Dave St. Peter

David St. Peter (born January 3, 1967 in Bismarck, North Dakota) has served as president of the Minnesota Twins of Major League Baseball since 2002.

St. Peter was born in Bismarck, North Dakota, and attended St. Mary's Central High School in Bismarck and the University of North Dakota. He joined the Twins organization in 1990.

Electric Daisy Carnival

Electric Daisy Carnival, commonly known as EDC, is an annual electronic dance music festival, with its flagship event held annually in Las Vegas, Nevada.

The event primarily features electronic dance producers and DJs such as Armin van Buuren, Calvin Harris, Hardwell, Alesso, Kaskade, Martin Garrix, Zedd, Afrojack, Seven Lions, Dimitri Vegas & Like Mike, Yellow Claw, and Tiësto. The festival incorporates all kinds of electronic music. Sponsors for recent EDC events include Corona, Smirnoff, and Uber.EDC was created with the purpose of utilizing music and art to inspire individuals. In addition to the music, individuals can experience the three-dimensional superstructures, colorful, glow-in-the-dark environments, and all manner of LED-infused flora and fauna. Part of the unforgettable experience are the interactive art installations scattered throughout EDC and the thrilling, as well as relaxing rides. The goal is ultimately for EDC to be a place where people can connect, on and off the dance floor. This event welcomes everyone, not discriminating against shape, size, and color.Since its inception, other EDC events have been held at venues in the United States and abroad, including Mexico, Puerto Rico, the UK, Brazil, Japan and India.

In 2009, EDC became a two-day event, and in 2011, a three-day event in Las Vegas that drew 230,000 people. In 2015, it drew more than 400,000 over three days (134,000 per day).In 2017, EDC won the Festival of the Year award at the Electronic Music Awards.

Elizabethton Twins

The Elizabethton Twins are a minor league baseball team of the Appalachian League and a rookie-level farm club of the Minnesota Twins. They are located in Elizabethton, Tennessee, and are named for their major league affiliate. The team plays its home games at Joe O'Brien Field which opened in 1974 and seats 2,000 fans. The Twins have won the Appalachian League Championship on 12 occasions (1978, 1984, 1989, 1990, 2000, 2003, 2005, 2007, 2008, 2012, 2017, and 2018).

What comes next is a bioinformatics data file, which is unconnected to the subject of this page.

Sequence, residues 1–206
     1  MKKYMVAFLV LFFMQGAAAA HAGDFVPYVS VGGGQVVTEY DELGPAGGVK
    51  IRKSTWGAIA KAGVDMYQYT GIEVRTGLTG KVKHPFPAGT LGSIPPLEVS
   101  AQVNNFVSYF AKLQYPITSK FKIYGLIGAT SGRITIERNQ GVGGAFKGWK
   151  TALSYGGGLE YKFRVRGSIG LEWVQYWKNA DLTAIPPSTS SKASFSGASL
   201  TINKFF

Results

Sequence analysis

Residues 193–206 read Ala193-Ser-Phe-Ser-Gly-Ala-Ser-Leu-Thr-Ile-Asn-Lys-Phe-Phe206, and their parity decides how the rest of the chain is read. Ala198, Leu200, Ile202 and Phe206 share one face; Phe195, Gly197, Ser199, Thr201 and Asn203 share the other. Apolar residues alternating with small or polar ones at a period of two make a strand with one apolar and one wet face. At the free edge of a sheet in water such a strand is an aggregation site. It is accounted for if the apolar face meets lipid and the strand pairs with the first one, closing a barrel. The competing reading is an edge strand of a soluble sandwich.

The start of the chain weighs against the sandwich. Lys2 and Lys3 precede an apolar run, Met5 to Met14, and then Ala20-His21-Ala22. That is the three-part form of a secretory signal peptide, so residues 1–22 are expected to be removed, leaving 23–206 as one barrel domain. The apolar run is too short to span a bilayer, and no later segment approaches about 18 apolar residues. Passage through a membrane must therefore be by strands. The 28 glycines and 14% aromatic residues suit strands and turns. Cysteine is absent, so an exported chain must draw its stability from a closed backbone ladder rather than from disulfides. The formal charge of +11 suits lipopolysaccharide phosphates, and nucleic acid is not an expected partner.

Griffith Stadium

Griffith Stadium was a sports stadium that stood in Washington, D.C., from 1911 to 1965, between Georgia Avenue and 5th Street (left field), and between W Street and Florida Avenue NW.

An earlier wooden baseball park had been built on the same site in 1891. It was called Boundary Field, or National Park as its occupants were then known primarily by the nickname Nationals. This park was destroyed by a fire in March 1911 and replaced by a steel and concrete structure, also at first called National Park and then American League Park; it was renamed for Washington Senators owner Clark Griffith in 1923. The stadium was home to the American League Senators from 1911 through 1960, and to an expansion team of the same name for their first season in 1961.

The venue hosted the All-Star Game in 1937 and 1956, as well as World Series games in 1924, 1925, and 1933. It served as home for the Negro league Homestead Grays during the 1940s. It was also home to the Washington Redskins of the National Football League for 24 seasons, from the time they transferred from Boston in 1937 through the 1960 season.

The ballpark was demolished in 1965 and the Howard University Hospital now occupies the site.

Joe Tinker

Joseph Bert Tinker (July 27, 1880 – July 27, 1948) was an American professional baseball player and manager. He played from 1902 through 1916 for the Chicago Cubs and Cincinnati Reds of Major League Baseball (MLB) and the Chicago Whales of the Federal League.

Born in Muscotah, Kansas, Tinker began playing semi-professional baseball in Kansas in the late 19th century. He began his professional career in 1900 in minor league baseball and made his MLB debut with the Cubs in 1902. Tinker was a member of the Chicago Cubs dynasty that won four pennants and two World Series championships between 1906 and 1910. After playing one season with Cincinnati in 1913, he became one of the first stars to jump to the upstart Federal League in 1914. After leading the Whales to the pennant in 1915, he returned to the Cubs as their player-manager in 1916, his final season in MLB.

Tinker returned to minor league baseball as a part-owner and manager for the Columbus Senators before moving to Orlando, Florida, to manage the Orlando Tigers. While in Orlando, Tinker developed a real estate firm, which thrived during the Florida land boom of the 1920s. However, the 1926 Miami hurricane and Great Depression cost Tinker most of his fortune, and he returned to professional baseball in the late 1930s.

With the Cubs, Tinker was a part of a great double-play combination with teammates Johnny Evers and Frank Chance that was immortalized as "Tinker-to-Evers-to-Chance" in the poem "Baseball's Sad Lexicon". However, Evers and Tinker feuded off the field. Tinker was elected to the National Baseball Hall of Fame in 1946, the same year as Evers and Chance. He has also been honored by the Florida State League and the city of Orlando.

List of Minnesota Twins broadcasters

The Minnesota Twins baseball team have had many broadcasters in their history in Minnesota. Here is a list of the people who have been a part of bringing the Twins to the people of Minnesota.

Listed buildings in Dutton, Lancashire

For the list with a similar name in Cheshire, see Listed buildings in Dutton, CheshireDutton is a civil parish in Ribble Valley, Lancashire, England, located to the northeast of Ribchester. The parish is rural, with the River Ribble running to the south. It contains 15 buildings that are recorded in the National Heritage List for England as designated listed buildings. These mainly consist of houses with related structures, or farm buildings, but there are also a church, a bridge and two cross bases.

Montgomery Biscuits